Parents, supporters rally for children's programming, services in 2012 budget

News Jan 10, 2012 East York Mirror

Investing in our children is investing in our future, said Jennifer Story, a Leslieville-area mother who alongside Ward 16 Trustee Sheila Cary-Meagher organized an impromptu rally outside Fairmount Park Community Centre Sunday morning.

A parent of two sons (one of whom attends Duke of Connaught Junior and Senior Public School and the other Bruce Junior Public School), Story said she's most concerned about the loss of recreational programming.

"Reducing recreational and fitness opportunities for kids just doesn't make sense now," she said, pointing to increasing poverty and obesity rates in kids in recent years.

Story is also against raising user fees as she said it would create a "tiered system."

"Community centres are supposed to be an equalizer. They're a place where everyone can go," said Story, adding the projected budget surplus of $154 million allows for "room to move."

"We're hoping city council will see the light and restore funding to the cuts. It's never too late," she said.

The event was held to highlight the importance of maintaining programs and services for children in the upcoming city operating budget.

Those cuts could include slashing swimming and recreational programs, closing wading and outdoor pools, reducing open times for local arenas, and eliminating funding for daycare and youth outreach services and student nutrition programs.

It also served to launch Kids Count Toronto! (www.kidscounttoronto.ca), a new website for Toronto families involved in recreation, schooling, student health and nutrition, childcare, swimming and skating programs in Toronto. The volunteer group was formed in response to the 2012 Toronto budget process.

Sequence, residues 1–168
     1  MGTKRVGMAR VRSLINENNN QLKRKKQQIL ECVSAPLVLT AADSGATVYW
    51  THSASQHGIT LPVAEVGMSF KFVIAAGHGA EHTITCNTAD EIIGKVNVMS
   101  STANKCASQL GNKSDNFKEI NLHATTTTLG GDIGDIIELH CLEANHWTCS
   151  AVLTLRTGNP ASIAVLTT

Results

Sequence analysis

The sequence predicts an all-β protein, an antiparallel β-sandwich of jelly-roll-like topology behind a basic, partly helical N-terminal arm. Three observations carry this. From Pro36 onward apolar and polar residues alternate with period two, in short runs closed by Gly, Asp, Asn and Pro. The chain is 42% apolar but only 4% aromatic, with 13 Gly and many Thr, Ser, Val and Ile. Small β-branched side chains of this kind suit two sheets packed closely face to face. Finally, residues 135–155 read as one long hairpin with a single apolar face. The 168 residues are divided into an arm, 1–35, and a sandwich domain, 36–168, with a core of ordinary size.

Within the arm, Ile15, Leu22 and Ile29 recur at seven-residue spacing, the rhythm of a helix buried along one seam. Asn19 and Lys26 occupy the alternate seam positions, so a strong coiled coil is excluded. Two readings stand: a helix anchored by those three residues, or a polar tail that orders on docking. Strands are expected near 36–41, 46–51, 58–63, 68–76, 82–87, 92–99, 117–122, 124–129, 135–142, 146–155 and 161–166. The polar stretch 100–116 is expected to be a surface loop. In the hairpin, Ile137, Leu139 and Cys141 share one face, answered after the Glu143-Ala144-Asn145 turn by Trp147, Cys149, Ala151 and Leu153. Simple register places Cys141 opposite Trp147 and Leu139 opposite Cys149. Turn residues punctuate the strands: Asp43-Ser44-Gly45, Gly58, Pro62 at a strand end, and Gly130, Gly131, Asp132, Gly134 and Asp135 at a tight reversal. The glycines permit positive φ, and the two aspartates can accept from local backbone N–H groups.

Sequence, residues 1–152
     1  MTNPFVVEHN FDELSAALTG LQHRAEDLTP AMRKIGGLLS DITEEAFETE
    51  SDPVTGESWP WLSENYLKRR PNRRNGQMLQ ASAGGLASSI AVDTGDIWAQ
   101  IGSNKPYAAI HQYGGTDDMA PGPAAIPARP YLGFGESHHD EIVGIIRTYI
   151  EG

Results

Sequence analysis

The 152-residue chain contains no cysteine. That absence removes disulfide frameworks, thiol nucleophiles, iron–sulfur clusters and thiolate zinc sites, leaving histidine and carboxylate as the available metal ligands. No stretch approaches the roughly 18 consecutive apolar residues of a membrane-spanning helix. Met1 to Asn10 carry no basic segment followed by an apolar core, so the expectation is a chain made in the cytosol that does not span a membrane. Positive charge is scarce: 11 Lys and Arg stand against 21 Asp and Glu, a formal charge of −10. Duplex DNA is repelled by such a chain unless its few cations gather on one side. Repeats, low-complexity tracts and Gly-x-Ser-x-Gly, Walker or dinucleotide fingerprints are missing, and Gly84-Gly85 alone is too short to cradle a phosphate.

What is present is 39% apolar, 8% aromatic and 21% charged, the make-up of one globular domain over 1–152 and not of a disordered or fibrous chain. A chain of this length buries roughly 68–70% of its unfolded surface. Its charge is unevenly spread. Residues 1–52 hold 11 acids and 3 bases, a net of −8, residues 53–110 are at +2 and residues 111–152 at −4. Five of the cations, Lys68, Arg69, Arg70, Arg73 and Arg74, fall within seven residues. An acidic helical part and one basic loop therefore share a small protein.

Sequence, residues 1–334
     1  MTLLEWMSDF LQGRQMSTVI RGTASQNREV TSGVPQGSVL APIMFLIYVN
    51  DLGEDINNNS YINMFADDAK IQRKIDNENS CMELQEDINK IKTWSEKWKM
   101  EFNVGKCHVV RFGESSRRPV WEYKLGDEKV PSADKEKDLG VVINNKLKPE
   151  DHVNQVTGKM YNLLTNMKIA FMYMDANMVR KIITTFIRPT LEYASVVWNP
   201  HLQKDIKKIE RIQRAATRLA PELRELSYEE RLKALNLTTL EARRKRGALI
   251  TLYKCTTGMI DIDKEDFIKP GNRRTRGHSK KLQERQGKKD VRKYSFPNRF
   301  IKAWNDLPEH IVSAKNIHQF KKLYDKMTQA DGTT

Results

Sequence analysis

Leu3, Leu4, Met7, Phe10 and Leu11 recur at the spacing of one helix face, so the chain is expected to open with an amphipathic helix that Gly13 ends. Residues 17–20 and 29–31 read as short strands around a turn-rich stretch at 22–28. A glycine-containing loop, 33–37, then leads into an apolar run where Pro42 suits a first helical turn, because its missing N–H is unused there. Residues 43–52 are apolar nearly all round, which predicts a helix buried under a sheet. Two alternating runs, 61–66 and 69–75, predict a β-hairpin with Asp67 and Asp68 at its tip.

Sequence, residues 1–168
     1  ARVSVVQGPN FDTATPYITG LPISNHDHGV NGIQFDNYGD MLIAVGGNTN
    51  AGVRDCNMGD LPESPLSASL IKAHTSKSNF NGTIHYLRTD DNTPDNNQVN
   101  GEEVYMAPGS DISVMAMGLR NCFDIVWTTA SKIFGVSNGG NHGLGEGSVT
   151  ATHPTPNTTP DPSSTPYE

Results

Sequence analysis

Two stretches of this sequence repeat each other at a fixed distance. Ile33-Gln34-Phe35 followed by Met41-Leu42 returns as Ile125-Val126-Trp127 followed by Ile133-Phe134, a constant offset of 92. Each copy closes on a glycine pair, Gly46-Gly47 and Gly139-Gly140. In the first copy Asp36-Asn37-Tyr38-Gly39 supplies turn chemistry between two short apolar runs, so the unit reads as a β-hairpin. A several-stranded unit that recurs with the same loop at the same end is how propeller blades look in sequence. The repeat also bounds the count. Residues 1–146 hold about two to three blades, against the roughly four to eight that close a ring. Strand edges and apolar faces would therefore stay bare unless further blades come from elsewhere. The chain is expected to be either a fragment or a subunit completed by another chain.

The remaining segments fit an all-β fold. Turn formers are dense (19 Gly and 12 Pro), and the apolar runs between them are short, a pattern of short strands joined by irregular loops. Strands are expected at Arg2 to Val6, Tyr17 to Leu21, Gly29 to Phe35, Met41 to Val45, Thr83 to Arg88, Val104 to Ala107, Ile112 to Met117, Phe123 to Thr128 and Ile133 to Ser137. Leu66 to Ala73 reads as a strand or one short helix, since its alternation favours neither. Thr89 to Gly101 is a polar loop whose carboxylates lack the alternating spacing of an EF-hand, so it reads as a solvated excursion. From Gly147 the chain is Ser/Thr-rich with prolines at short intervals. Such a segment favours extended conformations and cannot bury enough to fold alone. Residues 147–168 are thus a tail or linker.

Cary-Meagher, who represents 26 public elementary and secondary schools in the city's east end, said cutting programming will have a "huge impact" on children.

She said moving forward with the proposed cuts to swimming programs is a big mistake, especially for wards along Lake Ontario.

"Swimming is a survival skill," she said.

"In Ward 16 (Beaches-East York) every elementary school would be affected by cuts to swimming programs."

Cary-Meagher also expressed concerns about proposed cuts to student nutrition programs pointing to Secord Elementary School, which provides more than 200 children with a hot lunch each day.

"The impact on their ability to learn would be huge. For some kids it's their only meal," she said, adding schools with nutrition programs already work hard enough to raise funds and land donations to keep the programs going as it is.